Effects on Animals


 Cruelty and neglect of dogs globally is an animal welfare crisis – Urgent Education & Policy Change is Critical Zone of Comfort 10-20 Degrees Celcius (50-68F). At 23 Degrees (75F) there is Unsafe Potential.  At 26 Degrees (80F) Dangerous weather is developing for your dog.  Caution particularly if outside.  


Unfortunately many owners of dogs don’t even consider that their pets and working dogs are susceptible to issues relating to prolonged exposure outside of their comfort zones to heat & cold.

While heat/cold pain is more common in summer/winter, it can occur at any time throughout the year even when the weather is mild. Dogs have a limited ability to sweat (paws, nose) and pant as a means of cooling their bodies using the evaporation of moisture from the tongue and mouth. This means that dogs overheat very quickly and can suffer heat pain/heat stroke in hot and even warm conditions. Because they’re not able to regulate their temperature as easily as we are, it’s critical that we provide them temperate, sheltered environments with good air flow and uninhibited access to clean water.  


Urgent Education is needed to advise dog owners how to avoid needless suffering and to act quickly when they see the warning signs

Excessive Panting, Drooling/Salivation, pale gums, increased heart rate, diarrhea, vomiting,

How to keep your dog cool and what to do if your dog overheats and suffers heat pain. If your warm – your dog is already feeling hot and you need to take action!

Plenty of Drinking Water must be availabe at all times, Airconditiong/Fan, Place a Wet towel over the dogs body, A cool not cold dog bath/flat bucket of water should be available in warm months to cool the dogs paws or for bathing.  


What are the effects of prolonged exposure outside of a dogs comfort zone?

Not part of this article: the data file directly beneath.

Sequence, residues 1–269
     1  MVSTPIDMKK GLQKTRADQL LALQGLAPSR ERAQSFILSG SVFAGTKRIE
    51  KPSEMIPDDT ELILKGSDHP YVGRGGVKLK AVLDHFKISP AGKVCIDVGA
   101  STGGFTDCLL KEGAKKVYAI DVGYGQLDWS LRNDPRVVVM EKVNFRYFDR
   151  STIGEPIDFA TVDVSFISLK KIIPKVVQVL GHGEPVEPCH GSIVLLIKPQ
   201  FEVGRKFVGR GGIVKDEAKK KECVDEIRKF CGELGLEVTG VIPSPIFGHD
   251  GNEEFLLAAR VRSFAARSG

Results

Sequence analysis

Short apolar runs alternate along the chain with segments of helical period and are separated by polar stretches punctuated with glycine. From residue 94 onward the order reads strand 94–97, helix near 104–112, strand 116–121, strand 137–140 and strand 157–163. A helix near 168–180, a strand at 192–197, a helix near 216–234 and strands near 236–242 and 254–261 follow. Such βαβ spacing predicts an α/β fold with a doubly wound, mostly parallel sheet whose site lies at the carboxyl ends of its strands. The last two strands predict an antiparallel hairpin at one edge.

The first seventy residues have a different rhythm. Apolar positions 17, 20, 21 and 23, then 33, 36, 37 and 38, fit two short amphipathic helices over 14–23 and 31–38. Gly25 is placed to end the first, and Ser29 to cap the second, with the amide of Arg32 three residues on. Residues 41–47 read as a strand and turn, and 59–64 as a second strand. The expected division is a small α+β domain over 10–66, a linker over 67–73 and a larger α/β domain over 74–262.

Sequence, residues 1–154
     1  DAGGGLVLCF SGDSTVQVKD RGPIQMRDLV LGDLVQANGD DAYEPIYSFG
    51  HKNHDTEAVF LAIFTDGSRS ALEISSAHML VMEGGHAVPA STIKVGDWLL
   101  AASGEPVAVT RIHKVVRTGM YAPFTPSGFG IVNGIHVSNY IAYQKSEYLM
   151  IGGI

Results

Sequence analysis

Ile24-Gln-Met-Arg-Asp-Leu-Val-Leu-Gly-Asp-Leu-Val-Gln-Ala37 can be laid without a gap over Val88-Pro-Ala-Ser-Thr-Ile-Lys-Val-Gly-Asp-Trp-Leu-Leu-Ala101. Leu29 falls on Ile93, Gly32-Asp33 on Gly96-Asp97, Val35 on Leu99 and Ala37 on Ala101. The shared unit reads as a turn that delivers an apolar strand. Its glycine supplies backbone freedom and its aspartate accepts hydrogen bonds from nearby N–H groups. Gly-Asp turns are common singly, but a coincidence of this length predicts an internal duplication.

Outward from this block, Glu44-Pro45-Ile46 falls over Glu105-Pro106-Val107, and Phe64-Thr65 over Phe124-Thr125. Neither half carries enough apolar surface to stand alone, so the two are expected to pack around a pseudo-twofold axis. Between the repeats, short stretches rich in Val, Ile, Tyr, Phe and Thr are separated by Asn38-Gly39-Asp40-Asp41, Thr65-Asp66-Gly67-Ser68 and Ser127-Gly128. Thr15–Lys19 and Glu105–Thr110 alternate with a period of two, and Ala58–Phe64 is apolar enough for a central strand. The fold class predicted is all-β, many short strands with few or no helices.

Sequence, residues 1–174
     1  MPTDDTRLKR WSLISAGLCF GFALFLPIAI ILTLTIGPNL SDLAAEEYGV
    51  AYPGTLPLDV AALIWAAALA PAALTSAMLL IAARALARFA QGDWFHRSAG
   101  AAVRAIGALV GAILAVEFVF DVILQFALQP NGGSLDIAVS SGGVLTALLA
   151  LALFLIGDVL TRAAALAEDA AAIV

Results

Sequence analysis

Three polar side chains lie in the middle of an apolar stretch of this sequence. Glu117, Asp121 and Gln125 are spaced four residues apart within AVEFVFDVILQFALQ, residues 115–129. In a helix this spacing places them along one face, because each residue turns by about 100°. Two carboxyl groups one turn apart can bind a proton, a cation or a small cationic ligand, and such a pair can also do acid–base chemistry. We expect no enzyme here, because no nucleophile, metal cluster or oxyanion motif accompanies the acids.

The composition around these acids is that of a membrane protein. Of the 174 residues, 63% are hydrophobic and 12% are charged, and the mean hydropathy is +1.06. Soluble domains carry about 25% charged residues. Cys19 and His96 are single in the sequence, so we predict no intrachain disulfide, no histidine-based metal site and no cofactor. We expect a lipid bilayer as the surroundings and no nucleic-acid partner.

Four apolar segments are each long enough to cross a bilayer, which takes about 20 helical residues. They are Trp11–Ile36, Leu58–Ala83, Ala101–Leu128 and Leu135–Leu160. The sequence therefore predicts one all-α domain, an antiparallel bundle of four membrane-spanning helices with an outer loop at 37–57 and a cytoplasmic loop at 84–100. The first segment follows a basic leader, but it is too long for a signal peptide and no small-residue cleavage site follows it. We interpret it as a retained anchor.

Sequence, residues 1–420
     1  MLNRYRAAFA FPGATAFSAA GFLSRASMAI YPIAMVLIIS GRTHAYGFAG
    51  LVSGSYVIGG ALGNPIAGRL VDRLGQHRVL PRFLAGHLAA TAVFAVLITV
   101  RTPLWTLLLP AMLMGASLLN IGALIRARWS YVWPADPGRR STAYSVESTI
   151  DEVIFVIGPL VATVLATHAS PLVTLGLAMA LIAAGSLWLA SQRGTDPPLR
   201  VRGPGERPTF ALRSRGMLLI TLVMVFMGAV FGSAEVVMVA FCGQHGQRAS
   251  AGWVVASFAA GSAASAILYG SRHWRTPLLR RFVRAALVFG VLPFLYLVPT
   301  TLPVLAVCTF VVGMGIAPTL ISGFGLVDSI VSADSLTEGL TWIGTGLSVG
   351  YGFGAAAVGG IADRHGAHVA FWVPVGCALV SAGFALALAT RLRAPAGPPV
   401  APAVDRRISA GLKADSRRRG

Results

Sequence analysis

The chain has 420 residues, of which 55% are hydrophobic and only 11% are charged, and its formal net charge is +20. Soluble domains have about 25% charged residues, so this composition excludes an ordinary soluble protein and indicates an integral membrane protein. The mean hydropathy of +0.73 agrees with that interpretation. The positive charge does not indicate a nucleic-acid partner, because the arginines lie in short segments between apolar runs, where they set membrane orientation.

• Organ Failure
  • Sudden & Painful Death – Cardiac Arrest
  • Compromised Immune System
  • Respiratory Disease
  • Lethargy & Tiredness
  • Loss of bladder control
  • Diarrhea
  • Fainting
  • Seizures, Coma

Heat & Cold reference images for dogs

Warning: The gallery below contains images of animals suffering and in great distress

Tethering or Chaining your dog

Animals Need Shade are joining Humane Animal Welfare groups around the world to educate policy makers and the public about the scientifically proven dangers of unattended chaining/tethering of dogs. The climate crisis has made the need for urgent change critical.

Dogs around the world including Australia can spend days, weeks and sometimes their their whole lives on the end of a rope or chain.  Many of these dogs live a life of endless suffering with no adequate protection from the blazing sun, hail, freezing cold -sometimes with no shade shelter at all. Many dogs are dying and yet policy makers continue to sit in air conditioned offices.  This cruel practice is now banned in many counties within the United States and other countries, such as Malta, have now banned dog chaining as it has been proven that it is impossible to monitor how long a dog/s are confined on a chain.  (https://timesofmalta.com/articles/view/watch-it-is-finally-illegal-to-chain-dogs.690813)   Sadly Australia and other countries are still negligent in offering protection to dogs. Dog chaining is detrimental to the physical and mental well-being of any dog. Many chained dogs are deprived of adequate food and water, shelter, and veterinary care, and their social needs are ignored. They frequently die of illnesses related to heat pain/heatstroke, heart attacks and other organ failure in countries around the world battling the high temperatures that have now become commonplace.  In winter they succumb to exposure. Internal and external parasites often feed on these animals year round who are more commonly neglected when chained.  In the summer, flea and tick infestations and the added suffering brought on by flystrike are especially severe for chained dogs, who have no escape from them.